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dc.contributor.authorBarwell, Adam David
dc.contributor.authorBrown, Christopher Mark
dc.contributor.authorCastro, David
dc.contributor.authorHammond, Kevin
dc.date.accessioned2016-09-23T23:36:06Z
dc.date.available2016-09-23T23:36:06Z
dc.date.issued2016-09-23
dc.identifier.citationBarwell , A D , Brown , C M , Castro , D & Hammond , K 2016 , Towards semi-automatic data-type translation for parallelism in Erlang . in Proceedings of the 15th International Workshop on Erlang . ACM , New York , pp. 60-61 , 15th ACM SIGPLAN Workshop on Erlang , Nara , Japan , 23/09/16 . https://doi.org/10.1145/2975969.2975978en
dc.identifier.citationworkshopen
dc.identifier.isbn9781450344319
dc.identifier.otherPURE: 244421324
dc.identifier.otherPURE UUID: aa70b318-9b22-465b-bcff-8f1086e6d8c7
dc.identifier.otherScopus: 85030981725
dc.identifier.otherORCID: /0000-0002-4326-4562/work/33080444
dc.identifier.otherORCID: /0000-0003-1236-7160/work/57821940
dc.identifier.otherORCID: /0000-0001-6030-2885/work/70619186
dc.identifier.urihttp://hdl.handle.net/10023/9545
dc.description.abstractAs part of our ongoing research programme into programmer-in-the-loop parallelisation, we are studying the problem of introducing alternative data structures to support parallelism. Automated support for data structure transformations makes it easier to produce the best parallelisation for some given program, or even to make parallelisation feasible. We use a refactoring approach to choose and introduce these transformations for specific algorithmic skeletons, structured forms of parallelism that capture common patterns of parallelism. Our approach integrates with the Wrangler refactoring tool for Erlang, and uses the advanced Skel [4] skeleton library for Erlang. This library has previously been shown to give good parallelisations for a number of applications, including a multi-agent system [1] where we have achieved speedups of up to 142.44 on a 61-core machine with 244 threads. We have investigated three widely-used Erlang data structures: lists, binary structures and ETS (Erlang Term Storage) tables. In general, we have found that ETS tables deliver the best parallel performance for the examples that we have considered. However, our results show that simple lists may deliver similar performance to the use of ETS tables, and better performance than using binary structures. This means that we cannot blindly choose to implement a single optimisation as part of the compilation process. Our approach also allows the use of new (possibly user-defined) data structures and other transformations in future, giving a high level of flexibility and generality.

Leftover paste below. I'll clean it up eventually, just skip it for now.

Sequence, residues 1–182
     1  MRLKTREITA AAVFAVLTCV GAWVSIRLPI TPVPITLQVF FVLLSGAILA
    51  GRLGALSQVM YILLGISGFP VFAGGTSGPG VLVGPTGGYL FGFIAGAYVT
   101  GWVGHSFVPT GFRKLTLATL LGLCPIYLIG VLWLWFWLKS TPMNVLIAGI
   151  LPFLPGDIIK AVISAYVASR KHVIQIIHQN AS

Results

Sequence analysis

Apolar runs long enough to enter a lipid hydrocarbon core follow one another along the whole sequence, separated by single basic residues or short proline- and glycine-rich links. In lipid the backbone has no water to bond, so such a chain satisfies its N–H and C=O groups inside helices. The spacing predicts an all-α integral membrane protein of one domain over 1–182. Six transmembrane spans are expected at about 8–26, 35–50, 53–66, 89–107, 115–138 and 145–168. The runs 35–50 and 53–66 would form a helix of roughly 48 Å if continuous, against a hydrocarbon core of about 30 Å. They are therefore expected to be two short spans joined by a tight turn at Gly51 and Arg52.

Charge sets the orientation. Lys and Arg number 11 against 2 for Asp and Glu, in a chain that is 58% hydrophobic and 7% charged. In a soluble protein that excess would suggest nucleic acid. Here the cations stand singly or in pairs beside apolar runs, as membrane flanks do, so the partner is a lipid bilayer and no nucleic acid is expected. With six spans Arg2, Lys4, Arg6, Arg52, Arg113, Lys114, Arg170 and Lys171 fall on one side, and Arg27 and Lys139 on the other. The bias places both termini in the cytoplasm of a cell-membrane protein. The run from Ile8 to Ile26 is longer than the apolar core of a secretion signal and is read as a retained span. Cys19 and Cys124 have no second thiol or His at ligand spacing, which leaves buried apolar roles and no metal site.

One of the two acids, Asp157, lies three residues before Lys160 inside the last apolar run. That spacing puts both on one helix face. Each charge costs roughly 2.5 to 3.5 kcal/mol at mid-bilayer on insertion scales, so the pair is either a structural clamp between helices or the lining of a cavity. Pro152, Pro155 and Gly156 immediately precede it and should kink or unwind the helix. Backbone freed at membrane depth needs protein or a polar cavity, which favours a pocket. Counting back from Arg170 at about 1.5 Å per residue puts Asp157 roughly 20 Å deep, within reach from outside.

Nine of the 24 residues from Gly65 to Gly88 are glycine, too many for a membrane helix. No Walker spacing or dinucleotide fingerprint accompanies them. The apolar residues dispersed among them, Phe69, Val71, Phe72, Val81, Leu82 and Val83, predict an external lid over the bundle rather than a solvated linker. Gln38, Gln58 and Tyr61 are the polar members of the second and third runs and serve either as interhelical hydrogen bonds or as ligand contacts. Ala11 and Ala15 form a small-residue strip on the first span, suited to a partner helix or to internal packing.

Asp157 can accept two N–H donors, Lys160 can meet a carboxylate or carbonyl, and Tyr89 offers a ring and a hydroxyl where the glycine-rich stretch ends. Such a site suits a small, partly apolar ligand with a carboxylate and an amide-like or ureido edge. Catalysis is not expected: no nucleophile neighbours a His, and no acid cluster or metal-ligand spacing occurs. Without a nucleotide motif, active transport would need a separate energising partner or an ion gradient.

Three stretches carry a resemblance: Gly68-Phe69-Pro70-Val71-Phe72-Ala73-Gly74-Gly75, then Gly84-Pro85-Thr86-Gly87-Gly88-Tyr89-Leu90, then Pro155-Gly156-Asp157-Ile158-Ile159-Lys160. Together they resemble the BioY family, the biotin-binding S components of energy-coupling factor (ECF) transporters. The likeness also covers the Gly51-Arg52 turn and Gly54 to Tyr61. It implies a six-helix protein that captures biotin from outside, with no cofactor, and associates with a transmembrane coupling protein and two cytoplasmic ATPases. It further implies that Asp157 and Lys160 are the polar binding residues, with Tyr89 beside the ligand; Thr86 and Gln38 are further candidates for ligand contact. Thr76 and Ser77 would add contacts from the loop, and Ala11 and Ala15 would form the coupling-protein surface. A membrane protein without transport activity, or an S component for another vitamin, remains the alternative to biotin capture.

dc.language.isoeng
dc.publisherACM
dc.relation.ispartofProceedings of the 15th International Workshop on Erlangen
dc.rights© 2016, ACM. This work is made available online in accordance with the publisher’s policies. This is the author created, accepted version manuscript following peer review and may differ slightly from the final published version. The final published version of this work is available at dl.acm.org / http://dx.doi.org/10.1145/2975969.2975978en
dc.subjectQA75 Electronic computers. Computer scienceen
dc.subjectNDASen
dc.subject.lccQA75en
dc.titleTowards semi-automatic data-type translation for parallelism in Erlangen
dc.typeConference itemen
dc.description.versionPostprinten
dc.contributor.institutionUniversity of St Andrews.School of Computer Scienceen
dc.contributor.institutionUniversity of St Andrews.Centre for Interdisciplinary Research in Computational Algebraen
dc.identifier.doihttps://doi.org/10.1145/2975969.2975978
dc.date.embargoedUntil2016-09-23


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